If you’ve ever advised someone to “go for a walk,” you might want to heed your own suggestion and explore the trails. The outdoor activity is amazing for both your mental and physical well-being — and you don’t have to be an extreme adventurer to reap the numerous benefits of hiking, either. “Think of hiking as simply going for a longer stroll in nature; you can hike at any speed, at any altitude, and for any number of miles, hours, or even days,” says Alyson Chun, assistant director of adventure sports at Stanford University and instructor for REI.
No matter how challenging (or easy) your trail, each hike has its advantages. First, even a moderate one-hour hike is an excellent way to get a cardio workout while strengthening your core and lower body. And as the altitude increases, so do the benefits of hiking. “The more difficult the hike, the more calories — and stress — you’ll burn away,” notes Chun.
Vital Hiking Equipment
The best part: You don’t need much to get started. If you’re beginning your hiking journey with a one-mile hike around the local park, you won’t require any special equipment (aside from a refillable water bottle, which you should always bring with you!) Once you start exploring longer and more challenging trails, there are some items that you should definitely bring on your hike.
- Hiking boots or shoes
- Lightweight backpack or day bag
- Long-sleeved shirt
- Hiking pants
- Map or navigation tools
- Sunscreen or protective clothing
- Water and snacks
- First aid kit
- Flashlight or headlamp
- Trekking poles (if needed)
Unlike other outdoor sports that require a lot of equipment and often necessitate travel and instruction, the entry barrier for hiking is minimal. Along with plenty of water, “you really only need two essential items: proper footwear and a day bag,” says Chun.
Elevate Your Hiking Experience
If you already take short excursions on your local trails, perhaps it’s time to elevate your experience to the next level with a daylong hike.
Discovering New Ground and Enhancing Fulfillment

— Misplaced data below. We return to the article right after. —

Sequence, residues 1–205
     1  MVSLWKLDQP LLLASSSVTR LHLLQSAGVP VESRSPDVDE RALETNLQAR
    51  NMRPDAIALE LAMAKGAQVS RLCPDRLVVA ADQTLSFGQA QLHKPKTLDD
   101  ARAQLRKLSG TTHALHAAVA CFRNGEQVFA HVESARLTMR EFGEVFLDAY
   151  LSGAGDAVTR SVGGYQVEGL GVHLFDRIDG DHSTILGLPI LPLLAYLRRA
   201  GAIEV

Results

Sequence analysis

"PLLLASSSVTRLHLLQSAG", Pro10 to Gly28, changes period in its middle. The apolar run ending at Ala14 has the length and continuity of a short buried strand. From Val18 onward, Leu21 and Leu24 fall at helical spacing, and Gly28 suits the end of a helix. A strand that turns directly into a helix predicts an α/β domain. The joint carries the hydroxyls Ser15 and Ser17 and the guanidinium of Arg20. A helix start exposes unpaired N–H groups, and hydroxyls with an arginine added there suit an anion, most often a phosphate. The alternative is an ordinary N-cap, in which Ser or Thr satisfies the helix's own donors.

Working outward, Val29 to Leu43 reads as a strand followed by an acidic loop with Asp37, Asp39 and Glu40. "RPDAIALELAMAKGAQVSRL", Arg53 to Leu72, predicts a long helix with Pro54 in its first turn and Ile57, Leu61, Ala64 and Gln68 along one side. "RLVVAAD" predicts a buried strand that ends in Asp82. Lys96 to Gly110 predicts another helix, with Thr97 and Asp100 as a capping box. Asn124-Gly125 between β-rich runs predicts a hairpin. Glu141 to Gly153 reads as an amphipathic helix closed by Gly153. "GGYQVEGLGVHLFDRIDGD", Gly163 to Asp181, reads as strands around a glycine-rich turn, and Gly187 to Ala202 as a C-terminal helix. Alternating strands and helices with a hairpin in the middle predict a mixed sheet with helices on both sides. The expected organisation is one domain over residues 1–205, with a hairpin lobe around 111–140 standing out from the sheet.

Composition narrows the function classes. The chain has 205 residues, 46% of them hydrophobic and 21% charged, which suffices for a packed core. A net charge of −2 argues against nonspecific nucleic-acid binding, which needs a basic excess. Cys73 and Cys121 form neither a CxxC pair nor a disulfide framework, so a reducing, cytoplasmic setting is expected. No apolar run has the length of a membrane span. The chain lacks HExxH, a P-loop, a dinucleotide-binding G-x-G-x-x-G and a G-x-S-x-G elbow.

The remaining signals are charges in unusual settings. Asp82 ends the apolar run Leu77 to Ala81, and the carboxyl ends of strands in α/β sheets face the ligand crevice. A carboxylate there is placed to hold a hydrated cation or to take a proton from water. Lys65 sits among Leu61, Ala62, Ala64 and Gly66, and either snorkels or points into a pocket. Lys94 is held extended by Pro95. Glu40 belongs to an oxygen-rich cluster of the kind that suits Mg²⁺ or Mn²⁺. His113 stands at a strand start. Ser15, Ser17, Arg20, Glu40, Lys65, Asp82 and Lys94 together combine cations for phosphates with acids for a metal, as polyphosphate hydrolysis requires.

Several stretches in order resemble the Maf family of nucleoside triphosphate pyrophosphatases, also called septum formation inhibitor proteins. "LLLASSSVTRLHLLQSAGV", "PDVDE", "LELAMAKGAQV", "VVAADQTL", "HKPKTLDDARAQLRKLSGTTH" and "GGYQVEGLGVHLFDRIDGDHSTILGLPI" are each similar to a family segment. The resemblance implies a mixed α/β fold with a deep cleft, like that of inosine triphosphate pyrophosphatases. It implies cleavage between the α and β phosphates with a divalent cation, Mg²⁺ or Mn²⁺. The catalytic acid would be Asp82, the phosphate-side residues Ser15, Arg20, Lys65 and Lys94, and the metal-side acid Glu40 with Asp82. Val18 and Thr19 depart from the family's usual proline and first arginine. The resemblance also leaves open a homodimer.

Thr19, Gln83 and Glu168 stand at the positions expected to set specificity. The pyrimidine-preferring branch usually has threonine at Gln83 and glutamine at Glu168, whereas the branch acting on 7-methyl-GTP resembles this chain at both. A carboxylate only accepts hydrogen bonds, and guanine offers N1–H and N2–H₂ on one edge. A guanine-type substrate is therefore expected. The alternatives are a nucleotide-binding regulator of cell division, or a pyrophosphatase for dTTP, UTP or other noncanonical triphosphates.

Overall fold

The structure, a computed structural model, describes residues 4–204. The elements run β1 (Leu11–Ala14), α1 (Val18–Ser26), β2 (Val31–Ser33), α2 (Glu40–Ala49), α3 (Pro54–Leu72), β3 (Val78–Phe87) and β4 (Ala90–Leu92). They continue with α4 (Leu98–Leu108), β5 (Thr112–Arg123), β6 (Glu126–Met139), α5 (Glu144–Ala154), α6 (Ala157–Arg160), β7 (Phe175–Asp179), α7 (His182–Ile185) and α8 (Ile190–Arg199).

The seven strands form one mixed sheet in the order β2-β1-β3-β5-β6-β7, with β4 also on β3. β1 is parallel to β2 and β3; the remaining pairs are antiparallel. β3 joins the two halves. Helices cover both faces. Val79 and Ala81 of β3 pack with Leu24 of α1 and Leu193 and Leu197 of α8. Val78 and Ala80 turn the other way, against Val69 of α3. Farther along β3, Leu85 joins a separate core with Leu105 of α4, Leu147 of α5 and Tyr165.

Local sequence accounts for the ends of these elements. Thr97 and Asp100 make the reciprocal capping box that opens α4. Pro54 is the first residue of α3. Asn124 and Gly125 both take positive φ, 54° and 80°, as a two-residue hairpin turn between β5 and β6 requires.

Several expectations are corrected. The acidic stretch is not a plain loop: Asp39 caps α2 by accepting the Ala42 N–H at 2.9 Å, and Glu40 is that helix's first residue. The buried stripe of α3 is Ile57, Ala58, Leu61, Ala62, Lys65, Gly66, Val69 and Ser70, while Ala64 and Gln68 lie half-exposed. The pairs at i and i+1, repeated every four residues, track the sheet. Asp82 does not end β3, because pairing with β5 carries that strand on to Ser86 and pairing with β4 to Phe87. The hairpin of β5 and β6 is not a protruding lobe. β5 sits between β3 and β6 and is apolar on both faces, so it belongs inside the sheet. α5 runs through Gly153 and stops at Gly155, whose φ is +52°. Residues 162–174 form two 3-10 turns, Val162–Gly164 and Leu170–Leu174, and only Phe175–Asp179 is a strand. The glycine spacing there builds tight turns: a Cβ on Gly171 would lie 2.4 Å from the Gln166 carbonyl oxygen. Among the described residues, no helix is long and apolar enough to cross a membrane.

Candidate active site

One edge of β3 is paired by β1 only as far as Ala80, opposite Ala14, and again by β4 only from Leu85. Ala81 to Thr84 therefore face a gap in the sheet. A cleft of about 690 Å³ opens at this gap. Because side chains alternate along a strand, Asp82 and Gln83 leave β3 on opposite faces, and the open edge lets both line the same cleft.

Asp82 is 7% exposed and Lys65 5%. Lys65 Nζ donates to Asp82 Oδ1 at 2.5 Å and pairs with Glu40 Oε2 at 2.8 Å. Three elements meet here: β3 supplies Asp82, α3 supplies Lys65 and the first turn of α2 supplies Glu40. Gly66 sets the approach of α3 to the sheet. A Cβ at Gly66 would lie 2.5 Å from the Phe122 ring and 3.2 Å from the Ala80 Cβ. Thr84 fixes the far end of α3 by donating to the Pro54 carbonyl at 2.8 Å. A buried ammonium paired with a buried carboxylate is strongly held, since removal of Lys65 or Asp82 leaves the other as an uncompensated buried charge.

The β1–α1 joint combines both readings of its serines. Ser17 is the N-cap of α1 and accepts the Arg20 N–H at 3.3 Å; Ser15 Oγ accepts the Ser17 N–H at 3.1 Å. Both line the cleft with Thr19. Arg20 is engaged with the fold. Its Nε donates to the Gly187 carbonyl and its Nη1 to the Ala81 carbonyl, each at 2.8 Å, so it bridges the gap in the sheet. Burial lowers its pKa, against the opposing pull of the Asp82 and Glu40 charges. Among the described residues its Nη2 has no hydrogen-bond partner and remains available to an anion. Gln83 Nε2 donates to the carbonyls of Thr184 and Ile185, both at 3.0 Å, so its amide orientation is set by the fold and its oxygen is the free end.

“Engaging in extensive treks offers an array of unexplored landscapes, invigorating your fulfillment,” clarifies Chun. Prepare a hydration container, a selection of nourishing refreshments, alongside your fundamental belongings, and embark on a journey to unlock these mighty advantages of hiking.”
If you’re a novice, begin with a novice trek. Discover a path nearby by utilizing the AllTrails App or at Hiking Project, which showcases GPS and elevation information as well as user-generated advice for approximately 80,000 beginner to advanced trails. (Simply remember to save your route from the app to have it available for when you lose cell reception, as frequently happens in the wilderness.)
Works Your Legs From All Perspectives
Most treks involve ascending a substantial hill or even a mountain, then descending, a combination that’s an excellent exercise for your legs and one of the foremost advantages of hiking. “Ascending a mountain is quite similar to climbing the stairclimber or repeatedly performing lunges, which fortifies your glutes, quads, hamstrings, and calves,” states Joel Martin, Ph.D., an adjunct professor of exercise, fitness, and health promotion at George Mason University.
However, descending is what truly leaves your legs achy and robust. “To descend, your glutes and quads necessitate considerable slow, controlled effort to stabilize your knees and hips in order to prevent falling,” elucidates Martin. “These forms of contractions [referred to as eccentric contractions; the same type your muscles undergo when you gradually lower a weight at the gym] inflict the most damage on muscle fibers because you’re resisting the force of gravity against weight, which, in this case, is the weight of your body,” he expounds. This signifies that while you may not be out of breath during the descent, your muscles aren’t given a moment to relax.
Every Stride Reinforces Your Core